After a power struggle within The Byrds between acknowledged leader Jim (later Roger) McGuinn and Parsons, the latter left the band in mid-1968, again before his latest album hit store shelves. Parsons immediately formed The Flying Burrito Brothers, and within a few weeks was joined by Hillman. Together they wrote most of the songs for The Gilded Palace of Sin, another key album in the country rock canon, released in February 1969. In mid-1969, Hillman invited singer-songwriter-multi-instrumentalist Bernie Leadon (pronounced Led-un) to join the band. Hillman and Leadon had played together briefly in the bluegrass band The Scottsville Squirrel Barkers in the early sixties. After two albums – the first of which was the classic Burrito Deluxe; it was also the last to feature Parsons – Leadon, disappointed by the general lack of commercial interest in the group’s product, decided to leave.

Leadon, however, didn’t depart without prospects. Moonlighting from The Flying Burrito Brothers, he had fallen in with three musicians who were serving as the backing band for folk rocker Linda Ronstadt’s 1971 summer tour. Their names were Glenn Frey, Randy Meisner, and Don Henley. Together, the four decided to push out on their own. It was allegedly Leadon who proposed the name Eagles. Leadon was instrumental in helping to define the early sound of Eagles as a country rock group, and they immediately clicked with the public. He was prominently featured on their first four albums, the ones covered by Their Greatest Hits (1971–1975). By 1975, Leadon was becoming disgruntled with what he felt was a move away from country rock toward arena rock and voluntarily left the band. Eagles would continue for several years (not counting the periodic reunions), more in the mainstream of rock, but never totally abandoning their country rock roots.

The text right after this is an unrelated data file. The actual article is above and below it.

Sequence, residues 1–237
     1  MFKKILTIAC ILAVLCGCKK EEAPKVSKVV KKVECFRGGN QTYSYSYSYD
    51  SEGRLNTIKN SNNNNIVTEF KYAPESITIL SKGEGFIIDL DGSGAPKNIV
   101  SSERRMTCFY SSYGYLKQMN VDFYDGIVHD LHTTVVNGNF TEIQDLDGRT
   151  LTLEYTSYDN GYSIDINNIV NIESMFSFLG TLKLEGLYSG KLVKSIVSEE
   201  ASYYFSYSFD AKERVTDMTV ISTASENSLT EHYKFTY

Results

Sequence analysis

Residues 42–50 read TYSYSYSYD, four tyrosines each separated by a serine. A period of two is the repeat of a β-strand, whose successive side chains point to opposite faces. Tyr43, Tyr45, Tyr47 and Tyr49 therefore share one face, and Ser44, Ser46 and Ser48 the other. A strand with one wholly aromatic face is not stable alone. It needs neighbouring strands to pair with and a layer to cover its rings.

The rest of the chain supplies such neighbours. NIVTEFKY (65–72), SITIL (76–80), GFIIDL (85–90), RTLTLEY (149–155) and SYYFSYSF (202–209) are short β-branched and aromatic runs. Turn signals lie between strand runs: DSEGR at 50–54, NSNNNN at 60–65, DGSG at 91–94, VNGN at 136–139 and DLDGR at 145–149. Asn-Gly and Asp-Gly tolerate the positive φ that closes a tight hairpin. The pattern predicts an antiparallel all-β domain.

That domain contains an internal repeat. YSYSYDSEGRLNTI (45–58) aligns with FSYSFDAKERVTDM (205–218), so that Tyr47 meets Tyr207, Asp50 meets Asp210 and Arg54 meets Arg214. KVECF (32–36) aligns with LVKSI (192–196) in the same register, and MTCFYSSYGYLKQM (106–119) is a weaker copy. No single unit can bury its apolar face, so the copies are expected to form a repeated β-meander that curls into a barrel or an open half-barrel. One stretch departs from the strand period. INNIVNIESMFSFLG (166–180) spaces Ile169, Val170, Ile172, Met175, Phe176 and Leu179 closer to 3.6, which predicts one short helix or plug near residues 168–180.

After leaving The Flying Burrito Brothers, Parsons recorded two solo albums before dying of a drug overdose September 19, 1973; he was just 26 years old. Hillman stayed with the Brothers for four albums before stints in the Souther-Hillman-Furay Band, McGuinn, Clark & Hillman, and The Desert Rose Band among others. Parsons and Hillman, as much, or more so than Dylan, were the architects of country rock. Actually, I could make a pretty nearly equal case for several other artists who were active in the California music scene during that same period; you'll see a few of those listed later.

Based on what I’ve written above, the emergence of the country rock subgenre probably seems fairly convoluted. That, I can assure you, is just the tip of the iceberg. The number of configurations, entries and exits, and start-ups, revivals and reunions among country rock bands and their personnel is nearly mind-blowing! When it comes to country rock bands, there are about two-degrees of separation, as nearly every possible permutation seems to have been tried at one time, or another.

In addition to the various groups mentioned above, there were (in some cases, still are) a number of other notable west coast-based country rock bands, including Buffalo Springfield, Firefall, Little Feat, Moby Grape, New Riders of the Purple Sage, Nitty Gritty Dirt Band, and Poco. Two female artists are also commonly associated with the movement: Emmylou Harris, and Linda Ronstadt. The Des Moines Public Library can get you up to snuff when it comes to country rock, so visit us at any of our six locations, or online, and hear what you've been missing!